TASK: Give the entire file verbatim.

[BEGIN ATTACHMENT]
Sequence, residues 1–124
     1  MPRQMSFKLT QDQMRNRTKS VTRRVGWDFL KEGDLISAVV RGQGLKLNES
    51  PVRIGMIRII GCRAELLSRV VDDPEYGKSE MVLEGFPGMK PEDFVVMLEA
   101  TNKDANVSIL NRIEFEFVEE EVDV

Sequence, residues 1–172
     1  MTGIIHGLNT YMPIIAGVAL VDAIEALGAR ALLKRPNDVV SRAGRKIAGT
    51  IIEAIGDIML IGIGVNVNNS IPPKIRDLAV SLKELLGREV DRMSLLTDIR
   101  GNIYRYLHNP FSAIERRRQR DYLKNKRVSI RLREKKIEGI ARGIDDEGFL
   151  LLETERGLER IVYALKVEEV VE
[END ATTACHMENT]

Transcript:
Sequence, residues 1–124
     1  MPRQMSFKLT QDQMRNRTKS VTRRVGWDFL KEGDLISAVV RGQGLKLNES
    51  PVRIGMIRII GCRAELLSRV VDDPEYGKSE MVLEGFPGMK PEDFVVMLEA
   101  TNKDANVSIL NRIEFEFVEE EVDV

Sequence, residues 1–172
     1  MTGIIHGLNT YMPIIAGVAL VDAIEALGAR ALLKRPNDVV SRAGRKIAGT
    51  IIEAIGDIML IGIGVNVNNS IPPKIRDLAV SLKELLGREV DRMSLLTDIR
   101  GNIYRYLHNP FSAIERRRQR DYLKNKRVSI RLREKKIEGI ARGIDDEGFL
   151  LLETERGLER IVYALKVEEV VE